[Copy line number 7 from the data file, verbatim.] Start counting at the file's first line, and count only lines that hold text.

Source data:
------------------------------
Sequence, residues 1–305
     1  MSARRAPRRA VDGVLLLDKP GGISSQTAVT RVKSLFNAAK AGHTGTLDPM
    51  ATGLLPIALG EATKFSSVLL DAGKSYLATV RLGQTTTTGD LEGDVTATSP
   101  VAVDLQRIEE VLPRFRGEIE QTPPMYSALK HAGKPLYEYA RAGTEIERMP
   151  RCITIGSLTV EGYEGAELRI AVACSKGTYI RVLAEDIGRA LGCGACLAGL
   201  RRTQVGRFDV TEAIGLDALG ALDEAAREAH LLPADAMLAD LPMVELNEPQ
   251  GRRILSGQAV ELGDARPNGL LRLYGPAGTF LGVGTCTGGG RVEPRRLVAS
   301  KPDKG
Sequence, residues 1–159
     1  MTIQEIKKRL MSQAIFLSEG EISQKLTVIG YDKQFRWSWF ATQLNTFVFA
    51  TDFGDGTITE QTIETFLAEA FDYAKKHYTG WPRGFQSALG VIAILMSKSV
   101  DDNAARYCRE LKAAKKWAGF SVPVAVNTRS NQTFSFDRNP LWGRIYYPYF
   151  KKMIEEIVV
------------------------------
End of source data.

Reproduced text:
   251  GRRILSGQAV ELGDARPNGL LRLYGPAGTF LGVGTCTGGG RVEPRRLVAS